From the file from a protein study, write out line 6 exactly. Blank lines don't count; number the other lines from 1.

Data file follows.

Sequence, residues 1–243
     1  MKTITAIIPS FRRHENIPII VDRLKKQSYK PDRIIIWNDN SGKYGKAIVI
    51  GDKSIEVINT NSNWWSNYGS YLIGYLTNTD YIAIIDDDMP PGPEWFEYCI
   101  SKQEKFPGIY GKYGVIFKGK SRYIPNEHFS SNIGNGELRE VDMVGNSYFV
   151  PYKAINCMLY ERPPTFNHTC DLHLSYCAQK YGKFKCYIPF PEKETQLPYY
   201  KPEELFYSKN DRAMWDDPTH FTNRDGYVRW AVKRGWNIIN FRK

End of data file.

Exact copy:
   201  KPEELFYSKN DRAMWDDPTH FTNRDGYVRW AVKRGWNIIN FRK